Stroke is the leading cause of acquired long-term disability in adults in developed countries. Despite aggressive rehabilitation, lasting upper extremity impairment remains in the majority of stroke survivors. It is hypothesized that enhancing neuroplasticity through the combination of drug therapy and physical therapy could enhance outcomes for stroke survivors. The combination of levodopa and intensive physical therapy shows promise in enhancing the functional motor recovery of stroke patients during the sub-acute and chronic period without reported significant side effects. Robotic-aided training is a promising tool that has the potential to deliver high-intensity, task-oriented, reproducible therapy that can decrease the burden on a therapist. Since the evidence behind dopaminergic potentiation of neuroplasticity and stroke recovery is promising, it is the investigators aim to combine dopaminergic drug therapy with highly intensive robotic-assisted therapy to provide superior upper extremity functional recovery over traditional stroke rehabilitation.
The purpose of this study is to evaluate the safety and tolerability of SUN13837 and to determine whether SUN13837 improves the physical performance, relative to placebo, following an acute stroke in adult subjects.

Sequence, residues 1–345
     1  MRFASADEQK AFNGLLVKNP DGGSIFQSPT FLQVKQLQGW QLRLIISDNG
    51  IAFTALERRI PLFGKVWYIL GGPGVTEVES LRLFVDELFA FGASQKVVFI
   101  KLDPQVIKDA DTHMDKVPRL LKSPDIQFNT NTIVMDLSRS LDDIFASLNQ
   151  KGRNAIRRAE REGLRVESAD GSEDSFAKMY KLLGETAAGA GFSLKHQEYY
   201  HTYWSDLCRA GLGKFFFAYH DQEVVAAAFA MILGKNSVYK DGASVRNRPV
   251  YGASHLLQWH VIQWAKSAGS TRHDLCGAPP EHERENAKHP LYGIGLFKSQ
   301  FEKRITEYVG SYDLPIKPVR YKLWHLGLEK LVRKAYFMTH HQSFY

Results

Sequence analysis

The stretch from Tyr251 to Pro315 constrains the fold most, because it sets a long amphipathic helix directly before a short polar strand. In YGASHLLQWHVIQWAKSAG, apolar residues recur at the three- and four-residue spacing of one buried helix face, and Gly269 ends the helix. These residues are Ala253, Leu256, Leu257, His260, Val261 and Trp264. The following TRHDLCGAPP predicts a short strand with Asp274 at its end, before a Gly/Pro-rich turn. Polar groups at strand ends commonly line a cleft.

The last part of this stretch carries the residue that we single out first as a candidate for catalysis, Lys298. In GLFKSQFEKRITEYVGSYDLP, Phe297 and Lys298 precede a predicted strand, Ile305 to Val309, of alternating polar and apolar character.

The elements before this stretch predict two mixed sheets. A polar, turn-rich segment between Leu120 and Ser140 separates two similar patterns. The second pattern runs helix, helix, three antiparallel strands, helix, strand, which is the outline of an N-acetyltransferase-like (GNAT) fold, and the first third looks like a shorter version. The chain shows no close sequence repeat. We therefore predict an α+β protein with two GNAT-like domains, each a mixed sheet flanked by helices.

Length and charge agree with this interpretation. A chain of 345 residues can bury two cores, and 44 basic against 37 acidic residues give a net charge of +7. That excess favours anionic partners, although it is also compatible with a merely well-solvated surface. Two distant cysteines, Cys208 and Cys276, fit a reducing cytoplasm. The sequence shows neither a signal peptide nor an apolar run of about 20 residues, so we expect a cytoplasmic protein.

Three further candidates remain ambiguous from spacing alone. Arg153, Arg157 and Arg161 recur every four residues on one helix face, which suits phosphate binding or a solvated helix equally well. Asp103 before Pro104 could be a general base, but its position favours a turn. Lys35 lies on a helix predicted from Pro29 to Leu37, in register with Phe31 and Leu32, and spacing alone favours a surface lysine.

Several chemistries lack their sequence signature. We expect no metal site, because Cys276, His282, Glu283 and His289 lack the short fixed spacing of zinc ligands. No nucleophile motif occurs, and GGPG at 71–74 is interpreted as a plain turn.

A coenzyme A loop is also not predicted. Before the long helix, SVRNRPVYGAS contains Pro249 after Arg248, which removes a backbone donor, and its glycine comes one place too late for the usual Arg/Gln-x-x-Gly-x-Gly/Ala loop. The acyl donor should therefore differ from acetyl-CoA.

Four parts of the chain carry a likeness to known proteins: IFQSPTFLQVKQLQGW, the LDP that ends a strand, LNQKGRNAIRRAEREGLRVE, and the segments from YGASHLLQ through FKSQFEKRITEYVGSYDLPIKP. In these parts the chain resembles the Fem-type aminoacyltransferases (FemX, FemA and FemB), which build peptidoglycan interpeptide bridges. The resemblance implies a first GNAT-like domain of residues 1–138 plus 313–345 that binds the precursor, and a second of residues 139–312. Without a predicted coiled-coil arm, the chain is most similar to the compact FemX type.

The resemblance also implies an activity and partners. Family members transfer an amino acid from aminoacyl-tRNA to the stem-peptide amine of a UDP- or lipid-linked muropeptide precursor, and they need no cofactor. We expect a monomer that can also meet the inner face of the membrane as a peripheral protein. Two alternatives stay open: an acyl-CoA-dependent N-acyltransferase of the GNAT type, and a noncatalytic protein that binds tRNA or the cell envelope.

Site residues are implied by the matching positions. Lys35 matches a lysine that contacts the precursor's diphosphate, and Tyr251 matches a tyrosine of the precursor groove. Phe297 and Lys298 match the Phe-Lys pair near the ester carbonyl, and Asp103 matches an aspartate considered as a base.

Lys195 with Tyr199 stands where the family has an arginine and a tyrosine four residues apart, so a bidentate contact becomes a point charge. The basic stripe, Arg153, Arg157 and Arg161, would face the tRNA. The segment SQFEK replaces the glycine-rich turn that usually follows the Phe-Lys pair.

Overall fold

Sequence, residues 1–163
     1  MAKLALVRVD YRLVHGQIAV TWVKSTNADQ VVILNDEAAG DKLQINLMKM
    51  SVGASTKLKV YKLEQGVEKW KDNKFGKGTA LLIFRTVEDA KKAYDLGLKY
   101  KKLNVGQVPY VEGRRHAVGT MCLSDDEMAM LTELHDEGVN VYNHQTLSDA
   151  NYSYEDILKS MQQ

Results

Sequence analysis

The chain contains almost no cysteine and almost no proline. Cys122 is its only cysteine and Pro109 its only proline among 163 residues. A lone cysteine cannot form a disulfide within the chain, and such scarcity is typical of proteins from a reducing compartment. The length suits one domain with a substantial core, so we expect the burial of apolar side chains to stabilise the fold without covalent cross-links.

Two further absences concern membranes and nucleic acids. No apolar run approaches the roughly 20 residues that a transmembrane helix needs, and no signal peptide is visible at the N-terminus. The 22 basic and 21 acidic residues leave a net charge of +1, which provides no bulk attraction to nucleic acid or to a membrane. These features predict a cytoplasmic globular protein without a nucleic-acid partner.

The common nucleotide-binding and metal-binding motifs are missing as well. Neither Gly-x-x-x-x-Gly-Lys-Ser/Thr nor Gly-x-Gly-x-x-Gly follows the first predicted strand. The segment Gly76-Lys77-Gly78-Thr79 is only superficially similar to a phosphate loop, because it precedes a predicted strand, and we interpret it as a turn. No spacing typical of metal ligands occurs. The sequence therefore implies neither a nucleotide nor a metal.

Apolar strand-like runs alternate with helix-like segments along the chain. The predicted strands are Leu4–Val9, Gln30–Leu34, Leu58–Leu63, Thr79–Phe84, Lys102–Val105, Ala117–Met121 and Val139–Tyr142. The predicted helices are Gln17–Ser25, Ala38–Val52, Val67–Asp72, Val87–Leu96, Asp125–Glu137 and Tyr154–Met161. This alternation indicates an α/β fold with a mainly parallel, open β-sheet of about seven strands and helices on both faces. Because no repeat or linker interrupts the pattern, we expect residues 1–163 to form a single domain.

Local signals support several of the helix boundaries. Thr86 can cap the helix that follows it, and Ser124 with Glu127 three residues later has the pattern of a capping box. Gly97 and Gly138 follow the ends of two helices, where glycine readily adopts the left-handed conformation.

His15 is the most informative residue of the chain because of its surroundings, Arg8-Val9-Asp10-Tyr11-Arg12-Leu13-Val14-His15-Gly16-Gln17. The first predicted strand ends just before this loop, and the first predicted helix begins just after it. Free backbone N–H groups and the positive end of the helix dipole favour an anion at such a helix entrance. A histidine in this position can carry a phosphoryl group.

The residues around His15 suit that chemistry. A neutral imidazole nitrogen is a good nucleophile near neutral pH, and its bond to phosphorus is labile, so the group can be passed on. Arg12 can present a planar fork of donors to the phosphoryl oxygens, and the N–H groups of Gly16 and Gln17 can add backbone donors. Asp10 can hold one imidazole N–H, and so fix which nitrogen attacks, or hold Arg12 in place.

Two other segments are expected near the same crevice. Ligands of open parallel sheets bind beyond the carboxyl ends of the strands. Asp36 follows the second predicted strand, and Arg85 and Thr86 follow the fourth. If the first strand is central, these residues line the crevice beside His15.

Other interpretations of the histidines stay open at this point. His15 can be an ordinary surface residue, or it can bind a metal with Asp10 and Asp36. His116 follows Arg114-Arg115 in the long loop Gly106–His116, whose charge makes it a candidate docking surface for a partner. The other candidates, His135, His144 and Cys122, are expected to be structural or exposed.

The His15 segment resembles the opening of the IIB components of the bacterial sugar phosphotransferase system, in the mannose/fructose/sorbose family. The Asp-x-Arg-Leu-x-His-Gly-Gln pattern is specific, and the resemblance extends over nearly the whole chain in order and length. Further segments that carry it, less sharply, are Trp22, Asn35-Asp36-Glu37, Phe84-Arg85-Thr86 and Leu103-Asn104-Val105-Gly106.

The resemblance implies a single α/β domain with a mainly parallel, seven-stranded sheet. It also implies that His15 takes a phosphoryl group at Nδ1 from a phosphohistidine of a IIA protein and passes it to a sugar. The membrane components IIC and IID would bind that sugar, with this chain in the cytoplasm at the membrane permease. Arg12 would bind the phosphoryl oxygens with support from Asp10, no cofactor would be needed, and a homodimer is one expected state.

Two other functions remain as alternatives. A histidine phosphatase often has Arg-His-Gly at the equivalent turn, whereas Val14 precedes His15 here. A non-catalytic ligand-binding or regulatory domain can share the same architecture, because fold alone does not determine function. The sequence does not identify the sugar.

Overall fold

This is a double-blind parallel arm randomized trial aimed to assess efficacy and safety of intravenous Tenecteplase compared to intravenous Alteplase in eligible patients who present with symptoms of acute ischemic stroke within 3 to 4.5 hours from onset.
Subarachnoid Hemorrhage (SAH) can occur commonly in the setting of trauma or brain aneurysm. SAH accounts for 10% of all the strokes. Aneurysmal SAH accounts for 80 % of cases of non-traumatic cases of SAH, 6-8% of all strokes and 22-25% of all cerebrovascular deaths. Mortality can be 50% in the first few years of aneurysmal SAH rupture, 15% are severely disabled post SAH and only 20-35% having a moderate to good recovery it has gained lot of attention and pre-clinical and clinical trials of various agents have been tried to prevent poor outcome. The United States epidemiology data reveals the fact that 1% to 5% of adults have unruptured brain aneurysm and 30,000 people suffer from aneurysm rupture annually translating to brain aneurysm rupture every 18 minutes. Vasospasm is the most common SAH complication post 24 hours. It is the segmental or diffuse narrowing of the vessels especially the large vessels. Fifty percent of those patients who develop clinical vasospasm, progress to infarction and 15-20% will advance to disabling stroke or die of cerebral ischemia. The present treatment modalities are insufficient to prevent vasospasm. So, we need new treatment modalities to decrease the mortality and morbidity in SAH patients. The investigators hypothesize that Acetazolamide administration can prevent development of vasospasm after aneurysmal SAH.